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Access Type

Open Access Thesis

Document Type


Degree Program


Degree Type

Master of Arts (M.A.)

Year Degree Awarded


Month Degree Awarded



Scholars describe both the military and the family as “greedy institutions,” or institutions that require expansive time and energy commitments, and alter participants’ master status (Segal 1986; Coser 1974). However, the military’s employment benefits may counteract its greedy elements. I use data from the 2008 Survey of Active Duty Members to examine commitment to military employment in wartime, accounting for greedy elements of military service (such as geographic mobility, risk of bodily harm, and separations), job benefits, family structure, and gender. The results show that women in dual-service marriages, unmarried men, and those who experienced separations reported lower career commitment and affective organizational commitment. In contrast, the use of military job benefits was positively associated with commitment. Counterintuitively, parenthood, geographic mobility, and being stationed in Afghanistan were also positively associated with commitment. These findings complicate the military’s label as a greedy institution, and contribute to the literature on work-family conflict and gendered organizations.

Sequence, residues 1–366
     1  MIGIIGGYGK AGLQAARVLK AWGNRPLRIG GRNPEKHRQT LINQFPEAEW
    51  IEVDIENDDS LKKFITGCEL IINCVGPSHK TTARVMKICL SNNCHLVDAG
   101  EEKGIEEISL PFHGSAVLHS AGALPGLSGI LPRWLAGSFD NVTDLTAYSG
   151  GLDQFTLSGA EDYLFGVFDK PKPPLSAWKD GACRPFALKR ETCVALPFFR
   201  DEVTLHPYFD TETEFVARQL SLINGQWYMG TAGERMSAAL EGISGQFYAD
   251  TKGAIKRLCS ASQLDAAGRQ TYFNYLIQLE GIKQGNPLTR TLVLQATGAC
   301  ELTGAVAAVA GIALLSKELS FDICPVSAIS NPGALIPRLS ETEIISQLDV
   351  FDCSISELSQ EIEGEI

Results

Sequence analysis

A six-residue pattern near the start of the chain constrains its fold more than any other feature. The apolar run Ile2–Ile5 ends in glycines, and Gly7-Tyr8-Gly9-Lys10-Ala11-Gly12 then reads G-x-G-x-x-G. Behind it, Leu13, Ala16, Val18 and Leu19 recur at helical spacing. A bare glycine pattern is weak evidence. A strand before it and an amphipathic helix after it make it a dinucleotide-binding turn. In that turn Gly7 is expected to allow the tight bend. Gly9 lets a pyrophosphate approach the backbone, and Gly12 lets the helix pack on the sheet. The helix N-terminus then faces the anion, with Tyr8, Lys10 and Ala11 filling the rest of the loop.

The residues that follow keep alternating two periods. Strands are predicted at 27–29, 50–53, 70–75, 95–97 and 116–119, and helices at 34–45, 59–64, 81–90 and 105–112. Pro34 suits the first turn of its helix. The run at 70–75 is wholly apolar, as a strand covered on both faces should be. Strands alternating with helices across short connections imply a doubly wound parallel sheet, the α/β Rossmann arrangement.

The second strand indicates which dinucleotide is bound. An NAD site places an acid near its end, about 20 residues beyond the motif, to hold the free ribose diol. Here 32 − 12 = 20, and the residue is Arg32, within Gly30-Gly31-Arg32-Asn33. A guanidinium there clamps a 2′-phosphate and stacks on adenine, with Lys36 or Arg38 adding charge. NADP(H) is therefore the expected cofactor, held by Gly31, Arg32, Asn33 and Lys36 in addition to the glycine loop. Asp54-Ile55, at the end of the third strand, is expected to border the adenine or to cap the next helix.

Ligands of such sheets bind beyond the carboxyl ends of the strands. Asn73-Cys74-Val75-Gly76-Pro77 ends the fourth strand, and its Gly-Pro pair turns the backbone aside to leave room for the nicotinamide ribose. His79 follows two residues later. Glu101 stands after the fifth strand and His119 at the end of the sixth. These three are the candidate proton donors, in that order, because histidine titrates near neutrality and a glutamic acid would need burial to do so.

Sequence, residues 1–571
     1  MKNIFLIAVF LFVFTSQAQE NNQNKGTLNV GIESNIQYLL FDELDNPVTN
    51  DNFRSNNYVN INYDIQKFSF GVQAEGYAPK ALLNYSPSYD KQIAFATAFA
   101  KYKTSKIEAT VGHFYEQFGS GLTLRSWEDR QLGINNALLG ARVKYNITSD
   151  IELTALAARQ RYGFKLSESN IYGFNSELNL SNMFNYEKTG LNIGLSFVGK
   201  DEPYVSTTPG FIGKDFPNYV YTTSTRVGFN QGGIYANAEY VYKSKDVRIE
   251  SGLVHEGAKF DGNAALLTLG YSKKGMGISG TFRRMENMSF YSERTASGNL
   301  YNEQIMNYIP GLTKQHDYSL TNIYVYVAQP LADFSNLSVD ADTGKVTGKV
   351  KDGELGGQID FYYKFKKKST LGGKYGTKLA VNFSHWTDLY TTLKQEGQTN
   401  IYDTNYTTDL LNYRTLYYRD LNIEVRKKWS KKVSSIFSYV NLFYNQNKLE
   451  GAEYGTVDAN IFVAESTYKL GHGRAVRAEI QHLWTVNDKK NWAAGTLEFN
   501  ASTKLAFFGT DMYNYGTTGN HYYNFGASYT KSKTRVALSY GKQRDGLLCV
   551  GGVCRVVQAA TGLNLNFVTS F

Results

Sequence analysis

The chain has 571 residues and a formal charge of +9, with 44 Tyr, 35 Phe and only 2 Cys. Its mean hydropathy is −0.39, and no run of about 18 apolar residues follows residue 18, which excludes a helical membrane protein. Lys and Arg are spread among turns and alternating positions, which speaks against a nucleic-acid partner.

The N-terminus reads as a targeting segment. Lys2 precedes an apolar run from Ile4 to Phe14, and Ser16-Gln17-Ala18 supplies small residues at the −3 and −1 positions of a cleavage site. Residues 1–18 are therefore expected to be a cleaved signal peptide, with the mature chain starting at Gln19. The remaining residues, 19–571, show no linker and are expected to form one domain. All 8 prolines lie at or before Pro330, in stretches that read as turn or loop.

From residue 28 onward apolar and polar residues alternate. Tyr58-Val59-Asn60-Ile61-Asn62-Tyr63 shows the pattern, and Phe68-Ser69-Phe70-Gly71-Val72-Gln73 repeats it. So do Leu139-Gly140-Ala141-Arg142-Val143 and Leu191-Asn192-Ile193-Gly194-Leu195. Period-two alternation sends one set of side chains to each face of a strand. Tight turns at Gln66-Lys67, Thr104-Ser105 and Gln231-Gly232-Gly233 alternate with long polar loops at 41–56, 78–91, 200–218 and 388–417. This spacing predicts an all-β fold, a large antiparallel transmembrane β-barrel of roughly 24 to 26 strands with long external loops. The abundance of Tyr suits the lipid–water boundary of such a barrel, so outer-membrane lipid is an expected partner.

First Advisor

Jennifer H. Lundquist

Second Advisor

Donald Tomaskovic-Devey

Third Advisor

Michelle Budig

Fourth Advisor

Sanjiv Gupta